She went to cover the White House in the mid-1950s. That had to have been lonely and strange, given how segregated Washington was at the time...

Americans probably don't remember what it was like for somebody like her, in the back of a hall with a couple hundred white reporters, all male, to stand up and look at the sea of white faces and ask a question. It takes enormous temerity to simply ask a question. And here she was, engaging the President of the United States in a verbal duel about the most important issue of the time: civil rights.

She has said that she was both journalist and advocate, which is something that's frowned upon by today's mainstream press. Why did she feel she had to be both?

She felt she had no choice. For her to get up as a capital correspondent and try to get a cab to the White House, was a potentially difficult act, because as an African-American, a cab might not pick her up. There were white politicians who used words on the Senate floor that you cannot use today in public, and wouldn't simply speak to her. Her race was always part of the issue.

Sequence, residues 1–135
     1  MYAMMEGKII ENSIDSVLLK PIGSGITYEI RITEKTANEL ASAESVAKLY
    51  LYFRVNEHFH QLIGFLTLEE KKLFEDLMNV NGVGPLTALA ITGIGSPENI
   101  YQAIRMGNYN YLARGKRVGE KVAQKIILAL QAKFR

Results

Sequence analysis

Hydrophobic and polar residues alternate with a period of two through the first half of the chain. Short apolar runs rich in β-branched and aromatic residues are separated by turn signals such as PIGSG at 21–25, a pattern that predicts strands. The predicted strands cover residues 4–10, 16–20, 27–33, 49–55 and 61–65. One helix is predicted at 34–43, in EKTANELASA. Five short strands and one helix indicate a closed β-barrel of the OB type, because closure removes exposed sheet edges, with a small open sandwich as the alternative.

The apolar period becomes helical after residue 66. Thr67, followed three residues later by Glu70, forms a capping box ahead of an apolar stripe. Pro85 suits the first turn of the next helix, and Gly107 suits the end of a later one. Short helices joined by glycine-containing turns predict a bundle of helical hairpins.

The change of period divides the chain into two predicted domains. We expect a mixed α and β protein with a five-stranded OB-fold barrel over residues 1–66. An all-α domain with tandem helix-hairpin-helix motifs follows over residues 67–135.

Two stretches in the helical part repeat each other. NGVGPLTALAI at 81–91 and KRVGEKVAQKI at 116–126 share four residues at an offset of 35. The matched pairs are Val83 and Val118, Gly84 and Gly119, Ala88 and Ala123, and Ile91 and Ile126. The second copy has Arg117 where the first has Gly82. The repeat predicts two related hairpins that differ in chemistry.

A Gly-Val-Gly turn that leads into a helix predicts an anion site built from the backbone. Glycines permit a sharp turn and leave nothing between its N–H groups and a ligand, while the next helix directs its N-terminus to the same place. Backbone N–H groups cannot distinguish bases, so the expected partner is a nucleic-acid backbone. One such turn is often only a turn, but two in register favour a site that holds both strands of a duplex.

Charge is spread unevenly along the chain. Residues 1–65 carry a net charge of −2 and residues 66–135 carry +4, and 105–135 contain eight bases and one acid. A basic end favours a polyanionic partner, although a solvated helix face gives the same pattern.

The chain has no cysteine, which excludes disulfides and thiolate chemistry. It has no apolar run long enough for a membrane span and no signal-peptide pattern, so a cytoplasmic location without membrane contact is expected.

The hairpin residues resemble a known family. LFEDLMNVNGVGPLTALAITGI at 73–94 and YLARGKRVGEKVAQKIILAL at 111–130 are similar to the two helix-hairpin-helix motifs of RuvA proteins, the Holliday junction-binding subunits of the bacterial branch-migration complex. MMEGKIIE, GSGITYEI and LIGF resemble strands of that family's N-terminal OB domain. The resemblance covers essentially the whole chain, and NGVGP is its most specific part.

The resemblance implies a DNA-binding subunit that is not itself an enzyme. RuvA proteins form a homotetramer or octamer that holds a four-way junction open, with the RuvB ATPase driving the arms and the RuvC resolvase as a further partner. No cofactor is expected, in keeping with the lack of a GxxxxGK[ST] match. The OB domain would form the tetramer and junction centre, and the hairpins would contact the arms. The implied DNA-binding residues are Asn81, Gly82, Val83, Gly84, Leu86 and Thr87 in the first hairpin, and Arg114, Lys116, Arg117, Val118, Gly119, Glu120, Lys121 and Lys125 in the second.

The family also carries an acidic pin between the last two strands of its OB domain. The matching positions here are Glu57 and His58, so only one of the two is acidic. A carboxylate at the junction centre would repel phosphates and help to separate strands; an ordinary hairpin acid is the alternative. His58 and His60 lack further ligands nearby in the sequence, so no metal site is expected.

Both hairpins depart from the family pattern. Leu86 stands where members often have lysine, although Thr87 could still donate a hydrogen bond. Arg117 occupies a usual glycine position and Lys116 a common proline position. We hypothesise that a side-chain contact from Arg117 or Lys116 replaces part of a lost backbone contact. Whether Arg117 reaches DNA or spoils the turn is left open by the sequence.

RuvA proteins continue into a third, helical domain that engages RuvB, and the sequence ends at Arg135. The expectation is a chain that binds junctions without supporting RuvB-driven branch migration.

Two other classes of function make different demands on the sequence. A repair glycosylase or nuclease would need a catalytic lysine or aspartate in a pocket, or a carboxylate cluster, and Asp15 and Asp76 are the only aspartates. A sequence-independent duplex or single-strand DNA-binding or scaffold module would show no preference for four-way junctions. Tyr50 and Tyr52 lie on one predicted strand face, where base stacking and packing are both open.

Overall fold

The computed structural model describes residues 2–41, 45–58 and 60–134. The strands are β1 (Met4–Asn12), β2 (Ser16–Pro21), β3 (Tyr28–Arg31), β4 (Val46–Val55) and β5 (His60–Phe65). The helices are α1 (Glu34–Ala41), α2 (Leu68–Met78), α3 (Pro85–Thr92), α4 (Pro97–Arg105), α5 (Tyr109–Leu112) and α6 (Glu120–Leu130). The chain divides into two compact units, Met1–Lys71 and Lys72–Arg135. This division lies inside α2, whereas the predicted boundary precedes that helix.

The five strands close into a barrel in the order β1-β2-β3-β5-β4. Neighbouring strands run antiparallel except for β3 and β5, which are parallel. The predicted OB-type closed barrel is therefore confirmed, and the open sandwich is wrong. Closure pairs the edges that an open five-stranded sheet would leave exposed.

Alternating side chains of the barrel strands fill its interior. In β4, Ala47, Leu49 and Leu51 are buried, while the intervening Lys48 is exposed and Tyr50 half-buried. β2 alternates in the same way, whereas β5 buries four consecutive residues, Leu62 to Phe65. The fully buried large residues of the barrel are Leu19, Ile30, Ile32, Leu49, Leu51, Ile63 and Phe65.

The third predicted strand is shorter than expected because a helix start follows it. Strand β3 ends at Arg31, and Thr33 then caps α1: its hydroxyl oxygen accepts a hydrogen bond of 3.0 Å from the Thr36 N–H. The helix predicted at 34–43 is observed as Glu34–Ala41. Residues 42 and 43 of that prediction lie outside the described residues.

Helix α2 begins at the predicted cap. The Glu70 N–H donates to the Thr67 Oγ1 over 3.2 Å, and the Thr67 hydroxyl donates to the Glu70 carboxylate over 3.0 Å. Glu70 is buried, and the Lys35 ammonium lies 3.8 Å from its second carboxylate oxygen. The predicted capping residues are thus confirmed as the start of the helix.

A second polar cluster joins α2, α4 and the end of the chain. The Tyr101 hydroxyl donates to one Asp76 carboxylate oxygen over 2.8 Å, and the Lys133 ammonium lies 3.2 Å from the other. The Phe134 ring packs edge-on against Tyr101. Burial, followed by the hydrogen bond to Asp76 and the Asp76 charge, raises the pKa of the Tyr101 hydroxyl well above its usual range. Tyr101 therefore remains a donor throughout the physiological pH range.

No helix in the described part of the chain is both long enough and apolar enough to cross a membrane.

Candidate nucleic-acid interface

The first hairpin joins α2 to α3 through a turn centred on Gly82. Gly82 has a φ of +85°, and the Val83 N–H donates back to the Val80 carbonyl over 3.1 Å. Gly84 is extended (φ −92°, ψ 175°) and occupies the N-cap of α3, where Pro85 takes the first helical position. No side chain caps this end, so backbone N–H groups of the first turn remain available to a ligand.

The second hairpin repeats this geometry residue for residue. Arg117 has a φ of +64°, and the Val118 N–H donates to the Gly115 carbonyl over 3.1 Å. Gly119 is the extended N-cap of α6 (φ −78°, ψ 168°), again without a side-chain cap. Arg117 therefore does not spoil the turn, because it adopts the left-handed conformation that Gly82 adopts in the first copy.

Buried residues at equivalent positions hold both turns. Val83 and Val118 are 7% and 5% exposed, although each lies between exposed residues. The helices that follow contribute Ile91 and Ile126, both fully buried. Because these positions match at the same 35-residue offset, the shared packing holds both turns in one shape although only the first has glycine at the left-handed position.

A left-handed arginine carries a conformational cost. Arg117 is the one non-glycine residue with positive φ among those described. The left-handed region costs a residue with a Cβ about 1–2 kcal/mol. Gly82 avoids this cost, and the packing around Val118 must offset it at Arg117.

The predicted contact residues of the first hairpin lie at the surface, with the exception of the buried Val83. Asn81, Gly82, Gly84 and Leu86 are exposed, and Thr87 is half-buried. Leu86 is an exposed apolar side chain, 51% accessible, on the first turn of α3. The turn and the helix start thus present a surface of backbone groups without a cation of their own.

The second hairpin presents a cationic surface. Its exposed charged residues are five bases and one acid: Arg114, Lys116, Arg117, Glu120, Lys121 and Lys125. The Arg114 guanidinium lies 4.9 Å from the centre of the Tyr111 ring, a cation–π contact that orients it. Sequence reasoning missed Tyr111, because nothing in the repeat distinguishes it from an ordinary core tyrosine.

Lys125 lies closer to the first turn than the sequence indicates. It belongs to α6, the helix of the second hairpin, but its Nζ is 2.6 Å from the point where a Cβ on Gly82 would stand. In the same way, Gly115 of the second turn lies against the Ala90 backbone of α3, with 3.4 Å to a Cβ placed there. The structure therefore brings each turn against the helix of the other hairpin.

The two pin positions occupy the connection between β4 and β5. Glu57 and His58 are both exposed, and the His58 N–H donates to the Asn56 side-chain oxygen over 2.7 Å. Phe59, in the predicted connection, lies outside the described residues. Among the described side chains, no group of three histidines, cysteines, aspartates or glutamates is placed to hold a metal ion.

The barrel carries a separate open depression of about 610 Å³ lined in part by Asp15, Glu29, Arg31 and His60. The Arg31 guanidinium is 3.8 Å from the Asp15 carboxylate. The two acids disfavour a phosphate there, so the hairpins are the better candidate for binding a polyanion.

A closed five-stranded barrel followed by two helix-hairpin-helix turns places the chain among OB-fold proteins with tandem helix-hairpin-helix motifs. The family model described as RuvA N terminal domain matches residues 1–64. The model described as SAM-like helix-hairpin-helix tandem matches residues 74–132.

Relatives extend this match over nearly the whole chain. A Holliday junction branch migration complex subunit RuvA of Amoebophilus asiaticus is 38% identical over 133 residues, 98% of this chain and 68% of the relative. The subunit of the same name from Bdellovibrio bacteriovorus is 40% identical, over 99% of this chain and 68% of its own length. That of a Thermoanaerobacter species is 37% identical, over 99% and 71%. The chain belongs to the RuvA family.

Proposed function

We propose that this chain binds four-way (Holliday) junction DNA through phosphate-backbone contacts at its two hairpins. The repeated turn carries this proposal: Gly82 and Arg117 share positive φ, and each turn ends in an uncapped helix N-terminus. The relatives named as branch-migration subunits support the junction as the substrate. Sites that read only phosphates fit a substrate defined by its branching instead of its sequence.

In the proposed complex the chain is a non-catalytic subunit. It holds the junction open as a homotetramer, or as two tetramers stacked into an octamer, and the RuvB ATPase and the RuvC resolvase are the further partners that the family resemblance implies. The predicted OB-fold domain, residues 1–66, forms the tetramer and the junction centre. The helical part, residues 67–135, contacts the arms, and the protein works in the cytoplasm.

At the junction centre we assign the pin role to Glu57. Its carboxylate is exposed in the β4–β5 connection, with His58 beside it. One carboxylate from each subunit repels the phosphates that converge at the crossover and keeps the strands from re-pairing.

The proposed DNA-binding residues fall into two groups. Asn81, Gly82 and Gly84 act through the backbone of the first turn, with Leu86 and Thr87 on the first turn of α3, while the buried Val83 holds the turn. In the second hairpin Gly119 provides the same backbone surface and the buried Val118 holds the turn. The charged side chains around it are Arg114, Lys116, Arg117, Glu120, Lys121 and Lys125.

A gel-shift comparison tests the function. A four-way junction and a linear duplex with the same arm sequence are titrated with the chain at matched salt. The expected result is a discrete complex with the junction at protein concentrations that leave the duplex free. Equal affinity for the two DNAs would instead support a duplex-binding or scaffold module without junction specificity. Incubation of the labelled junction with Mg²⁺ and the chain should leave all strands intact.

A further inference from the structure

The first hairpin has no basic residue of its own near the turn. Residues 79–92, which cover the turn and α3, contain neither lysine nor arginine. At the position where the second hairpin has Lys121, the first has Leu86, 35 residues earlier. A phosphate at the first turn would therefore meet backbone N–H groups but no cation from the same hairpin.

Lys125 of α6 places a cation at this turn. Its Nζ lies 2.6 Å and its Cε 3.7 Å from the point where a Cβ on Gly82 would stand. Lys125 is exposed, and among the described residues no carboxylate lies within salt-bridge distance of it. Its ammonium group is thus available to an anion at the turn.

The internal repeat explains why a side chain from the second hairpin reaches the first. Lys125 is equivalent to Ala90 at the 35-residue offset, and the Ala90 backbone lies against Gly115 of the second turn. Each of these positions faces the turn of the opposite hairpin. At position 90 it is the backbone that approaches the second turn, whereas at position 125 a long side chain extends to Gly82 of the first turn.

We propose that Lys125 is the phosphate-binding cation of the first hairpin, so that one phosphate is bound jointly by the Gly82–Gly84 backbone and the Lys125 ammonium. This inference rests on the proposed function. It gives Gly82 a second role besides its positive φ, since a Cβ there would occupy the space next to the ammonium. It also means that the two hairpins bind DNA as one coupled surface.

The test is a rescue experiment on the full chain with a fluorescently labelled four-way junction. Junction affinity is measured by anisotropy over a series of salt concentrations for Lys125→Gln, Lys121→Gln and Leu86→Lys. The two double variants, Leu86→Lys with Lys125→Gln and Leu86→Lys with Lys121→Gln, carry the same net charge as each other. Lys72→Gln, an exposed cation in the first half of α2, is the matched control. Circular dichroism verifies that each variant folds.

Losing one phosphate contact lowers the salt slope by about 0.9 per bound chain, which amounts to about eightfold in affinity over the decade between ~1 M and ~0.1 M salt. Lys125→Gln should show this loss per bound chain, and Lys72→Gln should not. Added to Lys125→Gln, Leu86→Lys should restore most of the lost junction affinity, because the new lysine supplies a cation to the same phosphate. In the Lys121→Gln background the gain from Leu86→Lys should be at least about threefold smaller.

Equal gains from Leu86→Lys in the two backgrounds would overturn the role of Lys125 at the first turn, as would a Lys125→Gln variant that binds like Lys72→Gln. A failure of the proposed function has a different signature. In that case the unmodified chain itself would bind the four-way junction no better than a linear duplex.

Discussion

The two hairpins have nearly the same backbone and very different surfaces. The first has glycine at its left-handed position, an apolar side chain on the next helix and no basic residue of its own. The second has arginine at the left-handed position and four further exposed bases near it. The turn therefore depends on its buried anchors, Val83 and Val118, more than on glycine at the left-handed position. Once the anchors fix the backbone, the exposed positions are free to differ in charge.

So she instead adopted a criteria of fairness. That may seem like a small distinction, but it isn't. Shedding her objectivity does put her out of the mainstream of reporting. But if you look at her reporting, she interviews people who do not want to give her those rights: Senators from the South, Congressmen from the South who were real segregationists. And if they wouldn't speak with her, she would get their comments from the (Congressional) record. She didn't use the vitriolic words you hear on some networks today. She let them hang themselves using their own words. And she covered them, to be frank, really fairly, in a way that I'm not sure that I could have as a journalist.